NE Oncology Issue – February 2014

Safra T, et al. ECC 2013:1895


Approximately 75% of advanced breast cancers (ABC) in post-menopausal women are estrogen receptor positive (ER+)/human epidermal growth factor receptor 2 negative (HER2–). Currently, there is an unmet medical need for new treatment modalities after failure of endocrine therapy. Activation of the mTOR pathway is a key adaptive change driving endocrine resistance. Preclinical and early clinical data suggest a synergism between RAD001 (everolimus) and letrozole resulting in restoration of sensitivity to endocrine therapy.1

Study design

  • This was a multicentre, Israeli, open-label, phase II study evaluating treatment with everolimus (oral 10 mg/day) combined with letrozole (oral 2.5 mg/day) in post-menopausal women with ABC after progression on tamoxifen and/or anastrozole and/or letrozole and/or fulvestrant and/or exemestane.
  • The objectives were to assess overall response rate (ORR), disease control rate (DCR), progression-free survival (PFS), overall survival (OS), and the safety profile of the combination after failure of one or more endocrine therapies. Analysis was performed on the intent-to-treat population.

Key findings

  • A total of 73 patients were enrolled.
  • The patients’ baseline characteristics included:
    • Median age: 55 (28–80) years;
    • All had ABC with one to three metastatic sites;
    • Patients were previously exposed to a median of 2 (1–5) lines of hormonal therapy; 54% to letrozole.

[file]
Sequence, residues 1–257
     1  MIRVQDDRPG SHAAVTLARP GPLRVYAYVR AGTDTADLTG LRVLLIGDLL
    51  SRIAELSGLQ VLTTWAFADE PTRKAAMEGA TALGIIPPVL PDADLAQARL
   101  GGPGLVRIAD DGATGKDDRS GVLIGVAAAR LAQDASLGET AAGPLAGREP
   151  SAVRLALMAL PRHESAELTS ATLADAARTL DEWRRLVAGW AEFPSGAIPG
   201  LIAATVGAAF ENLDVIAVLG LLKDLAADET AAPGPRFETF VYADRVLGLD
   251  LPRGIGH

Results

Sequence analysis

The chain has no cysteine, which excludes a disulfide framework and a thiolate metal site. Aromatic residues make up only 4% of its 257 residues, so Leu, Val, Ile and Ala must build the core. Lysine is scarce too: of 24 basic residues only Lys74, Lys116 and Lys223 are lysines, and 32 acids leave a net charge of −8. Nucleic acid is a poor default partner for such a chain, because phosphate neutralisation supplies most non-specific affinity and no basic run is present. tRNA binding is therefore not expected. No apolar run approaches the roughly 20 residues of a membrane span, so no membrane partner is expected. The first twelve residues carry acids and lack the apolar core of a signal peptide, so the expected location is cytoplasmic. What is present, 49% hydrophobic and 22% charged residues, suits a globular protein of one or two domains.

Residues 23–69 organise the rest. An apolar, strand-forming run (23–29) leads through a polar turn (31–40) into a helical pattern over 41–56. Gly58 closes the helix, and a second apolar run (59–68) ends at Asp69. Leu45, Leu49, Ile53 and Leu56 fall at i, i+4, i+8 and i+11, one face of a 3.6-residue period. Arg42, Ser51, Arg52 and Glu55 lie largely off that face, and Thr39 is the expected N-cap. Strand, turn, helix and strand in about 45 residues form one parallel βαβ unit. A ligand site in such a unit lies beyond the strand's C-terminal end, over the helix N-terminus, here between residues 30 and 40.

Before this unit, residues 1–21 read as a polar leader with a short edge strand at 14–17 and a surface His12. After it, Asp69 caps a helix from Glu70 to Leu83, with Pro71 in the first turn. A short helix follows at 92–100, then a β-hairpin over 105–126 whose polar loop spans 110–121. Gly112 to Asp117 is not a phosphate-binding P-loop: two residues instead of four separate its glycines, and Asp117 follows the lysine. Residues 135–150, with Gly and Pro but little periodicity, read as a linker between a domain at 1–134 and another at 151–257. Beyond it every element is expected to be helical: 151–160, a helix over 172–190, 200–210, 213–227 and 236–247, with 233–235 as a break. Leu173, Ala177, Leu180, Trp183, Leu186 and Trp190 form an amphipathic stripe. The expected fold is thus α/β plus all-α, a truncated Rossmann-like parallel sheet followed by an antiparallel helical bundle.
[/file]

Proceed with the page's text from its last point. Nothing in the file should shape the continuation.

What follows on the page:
• At the time of analysis, the median follow-up was 12.23 (2–22) months.
  • Responses to treatment were:
    • ORR: 19% (15/73);
    • DCR: 58% (43/73); and
    • Progressive disease: 25% (18/73).
  • PFS was 7.9 (1–22) months, while 25% (18/73) of patients are still on treatment.
  • OS is too early to evaluate, with 78% of patients still alive.
  • Commonly observed all-grade toxicities included: stomatitis (50%), weakness (50%), weight loss (30%), anorexia (27%), anemia (28%), hyperlipidemia (23%), diarrhea (19%), myalgia/arthralgia (16%), and pneumonitis (10%).

Key conclusions

  • These preliminary results are consistent with BOLERO-2 findings,2 showing significant prolongation of PFS and an acceptable toxicity profile with the addition of everolimus to an aromatase inhibitor in post-menopausal women with ER+/HER2– ABC who have progressed following previous endocrine therapy.
  • Longer follow-up and further evaluation is warranted.

References: 1. Safra T, Kadouri-Sonenfeld L, Ben Baruch N, et al. RAD001 (everolimus) in combination with letrozole in the treatment of hormone receptor positive HER2-negative postmenopausal women (PMW) with advanced breast cancer (ABC) after failure of endocrine therapy — a phase I study. ECC 2013:1895. 2. Baselga J, Campone M, Piccart M, et al. Everolimus in postmenopausal hormone-receptor–positive advanced breast cancer. N Engl J Med 2012;366:520–9.

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Spotlight Article


Carolyn Owen, MD